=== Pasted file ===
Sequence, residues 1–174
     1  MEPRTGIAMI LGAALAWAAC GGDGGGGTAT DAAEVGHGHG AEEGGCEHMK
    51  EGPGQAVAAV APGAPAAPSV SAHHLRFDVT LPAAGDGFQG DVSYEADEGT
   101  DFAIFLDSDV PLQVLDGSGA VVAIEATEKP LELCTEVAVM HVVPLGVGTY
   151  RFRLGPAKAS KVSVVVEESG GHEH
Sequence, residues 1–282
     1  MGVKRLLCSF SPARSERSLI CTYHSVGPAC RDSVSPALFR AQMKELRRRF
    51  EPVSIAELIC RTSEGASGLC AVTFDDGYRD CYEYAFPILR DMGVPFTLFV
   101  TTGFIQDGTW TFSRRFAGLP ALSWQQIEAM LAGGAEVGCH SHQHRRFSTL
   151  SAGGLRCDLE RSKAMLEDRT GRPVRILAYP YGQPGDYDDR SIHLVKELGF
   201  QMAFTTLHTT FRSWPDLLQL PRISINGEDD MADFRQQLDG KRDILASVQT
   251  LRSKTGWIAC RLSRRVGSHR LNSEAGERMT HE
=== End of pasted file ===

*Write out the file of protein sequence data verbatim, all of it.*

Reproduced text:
Sequence, residues 1–174
     1  MEPRTGIAMI LGAALAWAAC GGDGGGGTAT DAAEVGHGHG AEEGGCEHMK
    51  EGPGQAVAAV APGAPAAPSV SAHHLRFDVT LPAAGDGFQG DVSYEADEGT
   101  DFAIFLDSDV PLQVLDGSGA VVAIEATEKP LELCTEVAVM HVVPLGVGTY
   151  RFRLGPAKAS KVSVVVEESG GHEH
Sequence, residues 1–282
     1  MGVKRLLCSF SPARSERSLI CTYHSVGPAC RDSVSPALFR AQMKELRRRF
    51  EPVSIAELIC RTSEGASGLC AVTFDDGYRD CYEYAFPILR DMGVPFTLFV
   101  TTGFIQDGTW TFSRRFAGLP ALSWQQIEAM LAGGAEVGCH SHQHRRFSTL
   151  SAGGLRCDLE RSKAMLEDRT GRPVRILAYP YGQPGDYDDR SIHLVKELGF
   201  QMAFTTLHTT FRSWPDLLQL PRISINGEDD MADFRQQLDG KRDILASVQT
   251  LRSKTGWIAC RLSRRVGSHR LNSEAGERMT HE